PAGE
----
Posted on July 29, 2019 at 12:17 PM
Very early this year when it was first made available for download, it promised so many prospects. Everyone thought it was the Telegram app revamped. Unfortunately, it did not take long for Mobonogram to teach its UAE’s victims a hard lesson they certainly were not prepared to learn.
Mobonogram came into the Android ecosystem with the high promise of being a Super-Charged Telegram App. And from the success that it records from Android users, there is no doubt that people believed its offers. Among the catchy baits of this app was that it boasted of having more features when compared to other “Unofficial Versions.”
Just six months into 2019 when it was released, at least 100,000 Android users have downloaded it to their devices. Of this large number, Iran and the UAE stood out. The reason for the massive acceptance by UAE was probably because the country does not support Telegram yet. Regrettably, the app swindled its unsuspecting victims; it gave them more than they could ever bargain. The first thing the users discovered was that their mobile devices started performing slowly. Again, they noticed that the app contained a code which makes unsolicited calls to suspicious websites. The immediate result of this call was fake adverts and offers.
Symantec Research has now come out this month to call the app what it is-virus. It belongs to a special group known as Potentially Harmful Apps (PHAs). Those who make PHAs are unrepentant criminals. And once their unsuspecting victims download the app, they make themselves liable to different kinds of manipulations.
Many Viruses Masquerading as Apps are out There
Researchers from the University of Sydney in Australia recently set out to appraise the presence of these pretender apps on the mobile market. The outcome of their findings is nothing short of a shock. They analyzed about 50,000 apps pretending to be as good as other renowned apps. In some cases, these apps even boast of being able to outsmart the existing applications they are mirroring.
However, the result of the research revealed that out of the 50,000 apps considered, 2,040 contained malware, 1,565 had the capacity to compromise security; 1,407 contained unsolicited adverts. When one adds these figures together, they amount to over five thousand, which is 10 percent of the entire set under review. Commenting on the findings, Dr. Suranga Seneviratne-co-author of the research-noted that many of those apps were problematic. As such, they evaded their vetting procedures.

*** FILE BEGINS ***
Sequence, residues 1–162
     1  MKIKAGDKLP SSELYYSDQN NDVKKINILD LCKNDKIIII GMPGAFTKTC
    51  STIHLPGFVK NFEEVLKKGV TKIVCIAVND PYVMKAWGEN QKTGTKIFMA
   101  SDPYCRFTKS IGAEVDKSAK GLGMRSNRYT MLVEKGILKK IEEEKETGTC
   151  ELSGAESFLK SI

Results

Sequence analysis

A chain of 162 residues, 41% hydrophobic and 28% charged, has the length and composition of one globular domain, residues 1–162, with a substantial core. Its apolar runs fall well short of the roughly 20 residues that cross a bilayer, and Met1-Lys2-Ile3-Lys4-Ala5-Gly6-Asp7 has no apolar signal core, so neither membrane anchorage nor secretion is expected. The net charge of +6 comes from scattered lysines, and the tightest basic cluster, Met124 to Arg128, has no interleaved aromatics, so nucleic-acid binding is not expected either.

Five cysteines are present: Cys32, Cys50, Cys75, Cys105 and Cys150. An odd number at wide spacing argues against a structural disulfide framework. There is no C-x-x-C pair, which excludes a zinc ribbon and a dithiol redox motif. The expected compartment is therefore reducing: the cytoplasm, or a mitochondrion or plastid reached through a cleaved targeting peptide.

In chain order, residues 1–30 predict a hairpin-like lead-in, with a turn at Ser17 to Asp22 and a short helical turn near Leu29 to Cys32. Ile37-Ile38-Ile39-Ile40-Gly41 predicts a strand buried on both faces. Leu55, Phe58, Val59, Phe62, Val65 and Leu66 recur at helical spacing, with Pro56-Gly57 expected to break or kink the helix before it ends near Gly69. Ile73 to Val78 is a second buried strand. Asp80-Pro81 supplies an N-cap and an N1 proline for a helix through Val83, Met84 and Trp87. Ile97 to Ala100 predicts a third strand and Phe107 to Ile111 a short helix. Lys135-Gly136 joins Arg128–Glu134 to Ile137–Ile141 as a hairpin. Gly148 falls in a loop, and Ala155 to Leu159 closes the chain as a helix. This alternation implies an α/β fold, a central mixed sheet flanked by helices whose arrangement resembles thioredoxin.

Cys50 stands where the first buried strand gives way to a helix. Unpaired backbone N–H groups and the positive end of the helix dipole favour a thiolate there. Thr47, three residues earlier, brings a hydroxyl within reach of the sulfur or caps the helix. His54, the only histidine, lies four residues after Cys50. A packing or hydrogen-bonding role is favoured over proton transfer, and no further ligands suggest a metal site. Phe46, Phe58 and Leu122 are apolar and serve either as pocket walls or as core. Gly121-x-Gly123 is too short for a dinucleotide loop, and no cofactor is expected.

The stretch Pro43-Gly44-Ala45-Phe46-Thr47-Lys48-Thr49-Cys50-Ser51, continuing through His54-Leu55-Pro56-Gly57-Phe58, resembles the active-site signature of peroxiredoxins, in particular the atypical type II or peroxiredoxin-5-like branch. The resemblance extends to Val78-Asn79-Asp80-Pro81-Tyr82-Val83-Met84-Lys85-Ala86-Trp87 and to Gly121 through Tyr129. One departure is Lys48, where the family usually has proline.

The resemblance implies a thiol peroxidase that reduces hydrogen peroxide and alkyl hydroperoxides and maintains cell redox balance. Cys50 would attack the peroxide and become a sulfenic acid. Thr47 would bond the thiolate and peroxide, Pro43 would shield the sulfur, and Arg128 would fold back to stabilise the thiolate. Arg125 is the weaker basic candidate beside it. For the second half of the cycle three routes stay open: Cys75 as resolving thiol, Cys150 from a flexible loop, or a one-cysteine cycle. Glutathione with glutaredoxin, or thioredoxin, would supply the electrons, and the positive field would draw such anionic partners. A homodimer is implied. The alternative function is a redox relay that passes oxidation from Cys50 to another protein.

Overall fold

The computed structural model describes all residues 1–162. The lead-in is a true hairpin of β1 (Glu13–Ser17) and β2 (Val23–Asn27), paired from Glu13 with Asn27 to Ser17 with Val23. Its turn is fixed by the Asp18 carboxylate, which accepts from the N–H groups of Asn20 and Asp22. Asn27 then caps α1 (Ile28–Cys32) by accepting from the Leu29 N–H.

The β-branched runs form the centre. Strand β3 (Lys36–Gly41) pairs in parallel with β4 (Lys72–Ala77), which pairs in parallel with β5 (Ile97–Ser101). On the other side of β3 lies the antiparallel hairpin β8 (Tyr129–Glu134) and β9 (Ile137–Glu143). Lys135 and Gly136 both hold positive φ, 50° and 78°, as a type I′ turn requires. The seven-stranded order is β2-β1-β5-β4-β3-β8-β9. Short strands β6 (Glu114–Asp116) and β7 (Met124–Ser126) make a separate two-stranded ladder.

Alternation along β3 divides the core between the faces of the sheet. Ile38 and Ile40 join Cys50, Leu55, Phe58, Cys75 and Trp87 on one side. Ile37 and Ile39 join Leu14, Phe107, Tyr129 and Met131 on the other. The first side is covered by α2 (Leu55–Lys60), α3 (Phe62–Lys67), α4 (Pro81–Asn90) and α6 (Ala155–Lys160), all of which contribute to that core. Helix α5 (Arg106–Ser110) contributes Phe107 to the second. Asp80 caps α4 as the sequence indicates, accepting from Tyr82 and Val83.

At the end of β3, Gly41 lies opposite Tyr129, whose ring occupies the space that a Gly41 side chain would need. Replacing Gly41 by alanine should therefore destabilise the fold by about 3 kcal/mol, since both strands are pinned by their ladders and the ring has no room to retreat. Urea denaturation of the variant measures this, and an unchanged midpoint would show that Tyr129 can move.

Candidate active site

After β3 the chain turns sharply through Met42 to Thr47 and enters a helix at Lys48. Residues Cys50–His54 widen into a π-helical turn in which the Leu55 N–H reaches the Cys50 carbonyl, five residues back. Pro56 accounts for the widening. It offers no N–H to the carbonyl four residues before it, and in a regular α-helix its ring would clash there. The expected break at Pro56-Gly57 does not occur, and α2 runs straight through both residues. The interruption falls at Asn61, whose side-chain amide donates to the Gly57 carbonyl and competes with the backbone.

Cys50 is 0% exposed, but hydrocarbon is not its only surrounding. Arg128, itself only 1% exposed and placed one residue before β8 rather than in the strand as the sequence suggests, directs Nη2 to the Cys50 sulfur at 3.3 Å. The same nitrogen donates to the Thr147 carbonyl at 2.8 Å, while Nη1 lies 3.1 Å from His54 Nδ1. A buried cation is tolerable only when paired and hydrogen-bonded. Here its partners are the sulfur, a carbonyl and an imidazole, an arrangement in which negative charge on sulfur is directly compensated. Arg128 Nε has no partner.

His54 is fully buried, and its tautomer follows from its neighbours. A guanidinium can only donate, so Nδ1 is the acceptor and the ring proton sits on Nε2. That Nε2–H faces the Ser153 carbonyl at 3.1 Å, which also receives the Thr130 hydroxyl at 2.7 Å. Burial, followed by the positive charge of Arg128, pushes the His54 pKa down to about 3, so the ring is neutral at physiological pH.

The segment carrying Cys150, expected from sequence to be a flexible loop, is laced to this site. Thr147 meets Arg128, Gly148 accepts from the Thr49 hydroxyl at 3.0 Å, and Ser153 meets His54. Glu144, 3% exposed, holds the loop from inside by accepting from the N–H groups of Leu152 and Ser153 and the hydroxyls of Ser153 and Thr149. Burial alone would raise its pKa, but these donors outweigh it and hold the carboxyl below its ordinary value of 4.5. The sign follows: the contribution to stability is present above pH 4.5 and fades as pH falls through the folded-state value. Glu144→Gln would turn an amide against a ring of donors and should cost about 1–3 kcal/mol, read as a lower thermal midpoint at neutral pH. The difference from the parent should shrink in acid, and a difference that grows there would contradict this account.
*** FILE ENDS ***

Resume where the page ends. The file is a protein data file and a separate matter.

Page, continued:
According to Lukas Stefanko, a researcher at Eset Cybersecurity, smartphone users that stay online all day have a greater tendency of being infected with malware. Lukas affirmed that this propensity surpasses that of a PC. Unfortunately, once a smartphone gets infected, it is possible for malware to collect its user’s sensitive information such as bank log-in details.
Apple vs Android: Which is Safer?
It is rational to hope that smartphone OS providers would protect their users by blocking these apps. However, only Apple does the vetting and restriction. With Android, what you get is a one-time warning before you download and install. So, comparatively, Apple offers better protection from these potentially harmful apps than Android. They ensure that their users can only download and install apps that they have confirmed to be genuine.
On the contrary, the market value of Apple is smaller than that of Android. Perhaps, that explains while the criminals have focused their attention on the OS lately. But beyond that, Lukas Stefanko believes that another reason for the massive presence of these apps on Android could be because of its openness. Open platforms allow just anyone, including fraudsters.
Some Protection Mechanisms
While Apple may be a bit safer, it is not completely immune to these apps. Just last year, one of such unauthorized apps also infested Apple’s iOS. It initially masqueraded as an app for Amazon only for Apple to discover that it collects users’ personal information in large quantities.
In the views of Lukas Stefanko, Android users should practice two lines of defense. The first is that they should avoid downloading apps that are not listed on Google Play. Of course, Google would always warn against third-party installations. The second is that users must always keep their apps up to date. Of course, while these may not guarantee absolute safety, it would reduce the rate of infection.